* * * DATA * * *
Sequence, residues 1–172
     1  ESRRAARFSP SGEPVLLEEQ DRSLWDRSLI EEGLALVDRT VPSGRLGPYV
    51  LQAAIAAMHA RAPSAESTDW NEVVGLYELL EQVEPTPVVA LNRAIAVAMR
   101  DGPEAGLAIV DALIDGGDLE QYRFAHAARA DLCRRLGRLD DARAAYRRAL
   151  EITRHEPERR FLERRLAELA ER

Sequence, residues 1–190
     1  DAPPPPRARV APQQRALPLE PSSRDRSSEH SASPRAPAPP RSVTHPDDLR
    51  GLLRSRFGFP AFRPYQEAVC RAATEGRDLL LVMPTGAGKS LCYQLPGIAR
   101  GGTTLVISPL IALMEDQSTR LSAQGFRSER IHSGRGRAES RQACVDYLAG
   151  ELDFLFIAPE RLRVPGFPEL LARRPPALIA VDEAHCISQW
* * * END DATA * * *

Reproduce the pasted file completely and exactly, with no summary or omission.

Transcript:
Sequence, residues 1–172
     1  ESRRAARFSP SGEPVLLEEQ DRSLWDRSLI EEGLALVDRT VPSGRLGPYV
    51  LQAAIAAMHA RAPSAESTDW NEVVGLYELL EQVEPTPVVA LNRAIAVAMR
   101  DGPEAGLAIV DALIDGGDLE QYRFAHAARA DLCRRLGRLD DARAAYRRAL
   151  EITRHEPERR FLERRLAELA ER

Sequence, residues 1–190
     1  DAPPPPRARV APQQRALPLE PSSRDRSSEH SASPRAPAPP RSVTHPDDLR
    51  GLLRSRFGFP AFRPYQEAVC RAATEGRDLL LVMPTGAGKS LCYQLPGIAR
   101  GGTTLVISPL IALMEDQSTR LSAQGFRSER IHSGRGRAES RQACVDYLAG
   151  ELDFLFIAPE RLRVPGFPEL LARRPPALIA VDEAHCISQW